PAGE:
How did you deal with having a smash hit single with Kites in 1967 when you were with Simon Dupree And The Big Sound?
It changed everything. What we didn’t like was what went with pop stardom. That wasn’t what we started the band for.
Is that what led to the band splitting up?
Completely. We got paid big money to play clubs. But all people wanted were our hits.
Gentle Giant got a lot of respect for their music, but little commercial success. Were you happier with that than with pop fame?
We didn’t sell millions of records, but didn’t do badly. We were never a commercial flop. We were a cult band, which was fine.
When you became an A&R man did you look for talent or artists who’d sell millions?
I tried to strike a balance. I knew the business heads were after big success, but I also encouraged the artists I signed to be creative.
Were you able to use your experience of fame to guide bands like Bon Jovi?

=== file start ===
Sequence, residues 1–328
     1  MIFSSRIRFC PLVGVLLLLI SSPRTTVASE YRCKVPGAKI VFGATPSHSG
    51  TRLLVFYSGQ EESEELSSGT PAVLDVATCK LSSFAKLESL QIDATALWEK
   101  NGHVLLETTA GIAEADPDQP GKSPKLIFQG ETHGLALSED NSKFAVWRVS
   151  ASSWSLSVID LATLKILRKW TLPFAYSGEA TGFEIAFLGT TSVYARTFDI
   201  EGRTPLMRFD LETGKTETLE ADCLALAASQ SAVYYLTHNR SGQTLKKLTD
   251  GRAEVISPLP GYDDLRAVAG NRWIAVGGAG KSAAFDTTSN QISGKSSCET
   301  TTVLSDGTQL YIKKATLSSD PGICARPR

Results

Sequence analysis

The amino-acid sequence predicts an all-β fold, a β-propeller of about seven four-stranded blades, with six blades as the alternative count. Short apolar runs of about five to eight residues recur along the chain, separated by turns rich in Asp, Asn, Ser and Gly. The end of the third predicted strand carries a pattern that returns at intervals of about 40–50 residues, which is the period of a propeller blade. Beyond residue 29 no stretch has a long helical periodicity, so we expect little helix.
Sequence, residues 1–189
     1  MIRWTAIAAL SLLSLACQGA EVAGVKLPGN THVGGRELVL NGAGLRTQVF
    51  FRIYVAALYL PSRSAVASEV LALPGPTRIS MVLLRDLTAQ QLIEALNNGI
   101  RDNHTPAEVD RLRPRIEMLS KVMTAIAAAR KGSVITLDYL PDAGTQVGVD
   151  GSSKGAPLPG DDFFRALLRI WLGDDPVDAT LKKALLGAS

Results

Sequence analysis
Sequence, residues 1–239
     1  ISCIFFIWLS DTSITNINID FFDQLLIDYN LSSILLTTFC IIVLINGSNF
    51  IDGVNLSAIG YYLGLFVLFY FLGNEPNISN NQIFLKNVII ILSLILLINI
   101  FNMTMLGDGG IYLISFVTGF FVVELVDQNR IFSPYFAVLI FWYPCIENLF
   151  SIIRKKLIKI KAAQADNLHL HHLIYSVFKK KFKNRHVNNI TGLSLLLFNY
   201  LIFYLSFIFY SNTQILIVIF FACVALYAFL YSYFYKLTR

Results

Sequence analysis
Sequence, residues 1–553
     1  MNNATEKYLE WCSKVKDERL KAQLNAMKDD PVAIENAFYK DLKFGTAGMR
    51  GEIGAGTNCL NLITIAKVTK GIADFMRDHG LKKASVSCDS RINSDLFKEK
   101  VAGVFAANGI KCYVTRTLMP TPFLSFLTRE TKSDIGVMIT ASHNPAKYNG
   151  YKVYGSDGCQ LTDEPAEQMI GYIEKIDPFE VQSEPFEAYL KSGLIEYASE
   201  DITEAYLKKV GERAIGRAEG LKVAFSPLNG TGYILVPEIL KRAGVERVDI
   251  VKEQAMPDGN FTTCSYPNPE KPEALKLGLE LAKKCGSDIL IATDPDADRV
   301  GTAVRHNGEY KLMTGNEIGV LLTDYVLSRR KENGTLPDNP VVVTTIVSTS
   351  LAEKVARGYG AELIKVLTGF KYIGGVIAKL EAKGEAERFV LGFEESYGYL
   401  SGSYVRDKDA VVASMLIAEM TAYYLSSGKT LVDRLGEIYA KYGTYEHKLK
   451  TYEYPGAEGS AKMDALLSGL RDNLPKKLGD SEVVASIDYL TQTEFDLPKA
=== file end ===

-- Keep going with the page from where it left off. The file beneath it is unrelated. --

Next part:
Quite a lot. I tried to get across to them that fame is always fleeting, but if they do the right things, they could build a long career.
How do you react when people claim you helped to shape the ‘big hair’ music phenomenon of the eighties?
Delighted. That was a great era for music, and I’m proud I played a part. But I was more than a big-hair man; I also signed Dream Theater and Pantera.
Do you ever wish you’d had more fame as a musician?
To me, what mattered was making quality music that would last. And with Gentle Giant we did that.